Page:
Cloning: A Question of Morality or Science?

By U.S. Senator Bill Frist

Can one be an advocate for embryonic stem cell research while opposing human cloning experimentation? That's the question facing about 30 United States Senators who have not taken a final position on human cloning legislation to be brought before the Senate.

But we must first understand the similarities and distinctions between the two. It's important to understand that human "therapeutic" or "research" cloning is an experimental tool often confused with, but distinct from, embryonic stem cell research. Only then can we appropriately dissect a debate on the potential of the science versus the restraint defined by ethics and moral concerns.

Most agree that human reproductive cloning, or the cloning of human beings, should be banned. The contentious issue is whether this ban should extend to all human cloning, including human research cloning experimentation, a brand new field. Advocates point to its potential to develop tissues that will not be rejected by a patient's immune system. They also argue for human cloning as a source of genetically diverse stem cells for research. Moreover, they say such experimentation will further our basic understanding of biology and life's origins.

However, regardless of our religious background, most of us remain extremely uncomfortable with the idea of creating cloned human embryos to be destroyed in an experiment. As a physician and legislator who struggles with this inherent tension between scientific progress and ethical concerns, I focus on two fundamental questions: (1) Does the scientific potential of human research cloning experimentation justify the purposeful creation of human embryos, which must be destroyed in experiments? and (2) Does the promise of human embryonic stem cell research depend on experimental human research cloning?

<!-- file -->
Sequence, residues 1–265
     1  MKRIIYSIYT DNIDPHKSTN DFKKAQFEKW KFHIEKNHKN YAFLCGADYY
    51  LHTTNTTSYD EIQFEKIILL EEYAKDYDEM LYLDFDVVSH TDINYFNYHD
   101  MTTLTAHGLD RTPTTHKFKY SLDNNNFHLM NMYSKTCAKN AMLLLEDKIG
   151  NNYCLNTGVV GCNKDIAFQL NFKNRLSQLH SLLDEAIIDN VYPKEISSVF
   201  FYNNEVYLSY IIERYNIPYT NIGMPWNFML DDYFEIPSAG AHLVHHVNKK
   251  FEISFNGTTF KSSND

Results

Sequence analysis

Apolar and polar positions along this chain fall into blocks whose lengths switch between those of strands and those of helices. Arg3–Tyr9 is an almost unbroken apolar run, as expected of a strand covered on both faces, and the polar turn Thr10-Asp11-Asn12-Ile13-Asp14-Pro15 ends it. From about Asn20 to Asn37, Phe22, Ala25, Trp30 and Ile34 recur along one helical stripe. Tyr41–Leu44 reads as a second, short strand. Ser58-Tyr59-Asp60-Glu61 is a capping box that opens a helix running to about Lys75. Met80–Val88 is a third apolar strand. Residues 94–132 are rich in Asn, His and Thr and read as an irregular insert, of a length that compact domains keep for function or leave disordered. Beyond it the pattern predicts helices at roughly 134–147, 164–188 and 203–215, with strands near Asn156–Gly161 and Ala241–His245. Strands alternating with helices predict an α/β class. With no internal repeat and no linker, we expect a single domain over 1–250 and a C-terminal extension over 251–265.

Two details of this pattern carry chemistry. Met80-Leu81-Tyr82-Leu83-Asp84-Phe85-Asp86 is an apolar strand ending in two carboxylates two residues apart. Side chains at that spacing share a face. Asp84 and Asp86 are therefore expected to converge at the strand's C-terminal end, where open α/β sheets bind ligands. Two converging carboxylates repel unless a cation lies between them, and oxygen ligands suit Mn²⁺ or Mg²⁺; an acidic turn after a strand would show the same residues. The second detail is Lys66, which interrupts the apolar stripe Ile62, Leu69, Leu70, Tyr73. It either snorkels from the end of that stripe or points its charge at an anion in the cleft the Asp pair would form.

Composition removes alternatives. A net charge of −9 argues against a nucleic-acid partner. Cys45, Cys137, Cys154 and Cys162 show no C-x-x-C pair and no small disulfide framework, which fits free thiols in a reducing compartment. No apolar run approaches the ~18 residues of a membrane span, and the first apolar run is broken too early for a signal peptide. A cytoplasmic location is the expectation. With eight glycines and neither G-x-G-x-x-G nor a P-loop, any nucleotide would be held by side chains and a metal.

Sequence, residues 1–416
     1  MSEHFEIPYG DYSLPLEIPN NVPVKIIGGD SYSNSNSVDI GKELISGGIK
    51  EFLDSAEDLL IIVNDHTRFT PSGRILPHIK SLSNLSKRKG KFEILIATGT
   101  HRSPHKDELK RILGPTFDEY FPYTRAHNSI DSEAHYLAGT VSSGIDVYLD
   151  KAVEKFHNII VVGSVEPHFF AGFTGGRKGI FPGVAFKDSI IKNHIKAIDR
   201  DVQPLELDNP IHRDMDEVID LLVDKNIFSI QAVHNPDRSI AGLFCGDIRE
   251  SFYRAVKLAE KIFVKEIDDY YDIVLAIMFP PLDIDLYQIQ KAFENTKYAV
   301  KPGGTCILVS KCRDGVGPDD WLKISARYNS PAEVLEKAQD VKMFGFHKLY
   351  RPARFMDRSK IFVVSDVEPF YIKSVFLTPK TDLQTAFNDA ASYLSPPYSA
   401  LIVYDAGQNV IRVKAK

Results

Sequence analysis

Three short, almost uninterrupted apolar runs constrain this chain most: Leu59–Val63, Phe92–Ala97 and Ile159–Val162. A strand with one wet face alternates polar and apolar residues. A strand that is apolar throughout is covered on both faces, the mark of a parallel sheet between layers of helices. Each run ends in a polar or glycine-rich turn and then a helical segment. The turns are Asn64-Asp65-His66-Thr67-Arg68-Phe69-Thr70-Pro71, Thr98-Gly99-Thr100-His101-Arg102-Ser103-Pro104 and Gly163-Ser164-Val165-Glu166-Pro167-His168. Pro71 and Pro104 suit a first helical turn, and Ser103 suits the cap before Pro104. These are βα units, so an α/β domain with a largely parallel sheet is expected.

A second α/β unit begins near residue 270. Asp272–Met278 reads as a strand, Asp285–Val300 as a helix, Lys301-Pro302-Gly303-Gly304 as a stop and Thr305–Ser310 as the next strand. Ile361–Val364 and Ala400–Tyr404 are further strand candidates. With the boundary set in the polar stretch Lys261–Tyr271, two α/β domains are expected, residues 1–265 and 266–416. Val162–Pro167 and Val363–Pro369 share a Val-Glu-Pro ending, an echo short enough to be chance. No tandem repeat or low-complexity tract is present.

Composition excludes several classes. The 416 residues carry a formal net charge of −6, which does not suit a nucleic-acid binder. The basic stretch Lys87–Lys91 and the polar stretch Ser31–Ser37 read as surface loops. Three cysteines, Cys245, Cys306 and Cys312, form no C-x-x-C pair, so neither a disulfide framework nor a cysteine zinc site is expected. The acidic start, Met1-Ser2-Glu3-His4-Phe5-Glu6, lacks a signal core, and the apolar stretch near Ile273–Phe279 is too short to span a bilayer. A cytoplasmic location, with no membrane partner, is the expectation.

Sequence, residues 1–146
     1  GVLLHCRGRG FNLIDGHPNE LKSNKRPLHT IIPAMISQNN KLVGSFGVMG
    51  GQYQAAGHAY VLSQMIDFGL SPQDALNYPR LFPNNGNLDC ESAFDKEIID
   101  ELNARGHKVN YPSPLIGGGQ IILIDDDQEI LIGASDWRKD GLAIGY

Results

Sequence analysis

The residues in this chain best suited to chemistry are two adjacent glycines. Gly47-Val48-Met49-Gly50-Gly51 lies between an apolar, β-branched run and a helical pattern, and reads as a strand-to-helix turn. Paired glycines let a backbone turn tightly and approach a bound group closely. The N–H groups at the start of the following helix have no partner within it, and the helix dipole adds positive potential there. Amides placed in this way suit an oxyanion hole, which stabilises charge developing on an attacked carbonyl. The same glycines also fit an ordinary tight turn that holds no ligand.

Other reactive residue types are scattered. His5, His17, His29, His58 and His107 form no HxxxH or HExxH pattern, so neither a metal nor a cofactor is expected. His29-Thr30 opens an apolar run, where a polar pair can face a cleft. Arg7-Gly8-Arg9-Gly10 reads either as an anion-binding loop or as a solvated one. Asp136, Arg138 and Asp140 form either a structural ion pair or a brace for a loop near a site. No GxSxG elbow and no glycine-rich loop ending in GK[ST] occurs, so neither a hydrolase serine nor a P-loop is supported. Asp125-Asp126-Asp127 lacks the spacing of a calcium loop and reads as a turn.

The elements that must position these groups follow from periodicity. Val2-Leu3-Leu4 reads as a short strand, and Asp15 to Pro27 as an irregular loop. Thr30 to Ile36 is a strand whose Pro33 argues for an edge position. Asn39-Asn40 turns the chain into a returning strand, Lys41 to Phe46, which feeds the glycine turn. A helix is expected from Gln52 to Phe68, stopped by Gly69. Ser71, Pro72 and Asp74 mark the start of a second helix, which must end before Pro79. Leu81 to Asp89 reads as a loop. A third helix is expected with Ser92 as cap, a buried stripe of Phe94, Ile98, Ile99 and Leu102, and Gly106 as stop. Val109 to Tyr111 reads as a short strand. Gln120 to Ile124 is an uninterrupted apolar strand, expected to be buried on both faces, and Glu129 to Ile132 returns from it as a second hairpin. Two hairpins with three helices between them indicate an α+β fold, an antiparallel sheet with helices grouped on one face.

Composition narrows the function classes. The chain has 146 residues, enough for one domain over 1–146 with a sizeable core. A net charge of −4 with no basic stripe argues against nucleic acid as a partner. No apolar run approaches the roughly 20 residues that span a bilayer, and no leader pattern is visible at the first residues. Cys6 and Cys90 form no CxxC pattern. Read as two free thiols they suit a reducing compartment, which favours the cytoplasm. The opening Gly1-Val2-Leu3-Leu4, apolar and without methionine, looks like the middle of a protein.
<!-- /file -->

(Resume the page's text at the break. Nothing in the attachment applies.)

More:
At this point in the evolution of this new science, I cannot justify the purposeful creation and destruction of human embryos in order to experiment on them, especially when the promise and success of human embryonic stem cell research does not depend on experimental research cloning.

President Bush last August outlined a scientifically and ethically balanced policy that allows federal funding of embryonic stem cell research for nearly 80 stem cell lines. This has opened the door to a significant expansion of embryonic stem cell research. Further, there are no restrictions on private research using stem cells from the thousands of embryos left over after in vitro fertilization. This research, too, is underway. The promise and hope for new cures is being investigated. And the promise of this research does not - I repeat, does not - depend on human cloning.

Human cloning would indeed provide another source of stem cells - this time by asexual reproduction. But a human embryo still has to be created - then destroyed - to produce these stem cells. Moreover, there has been very little research cloning experimentation in animals - a prerequisite to any demands for such work in humans. Given the early state of this uncharted new science, the large number of federal cell lines and the unlimited number available for private research, I believe there is presently a sufficient number and range of cell lines.

As a heart transplant surgeon, I know intimately the challenges of transplant rejection. But I also know that there are multiple promising strategies to address this issue, such as the development of "tolerance strategies," improved pharmacologic immunosuppression, and the manipulation of cell surface structure to make cells "invisible" to the immune system, none of which carry the ethical burdens attached to human cloning.

No one can deny the potential human cloning holds for increased scientific understanding. But given the serious ethical concerns this research raises, the fact that promising embryonic stem cell research will continue even under a cloning ban, the lack of significant research in animal models, and the existence of promising alternatives, I am unable to find a compelling justification for allowing human cloning today.

The fact that we are even engaged in this debate testifies to the rapid and encouraging progress of science. As it moves forward, we will undoubtedly be forced to reexamine this issue. For now, the proper course is to stop short of allowing cloning research in humans, but to enthusiastically embrace the ongoing public and private stem cell research that holds such great hope for those who suffer from a wide range of diseases and conditions such as Alzheimer's disease, Parkinson's disease and diabetes.

Source: Press Release of Senator Bill Frist, Tuesday, June 4, 2002.

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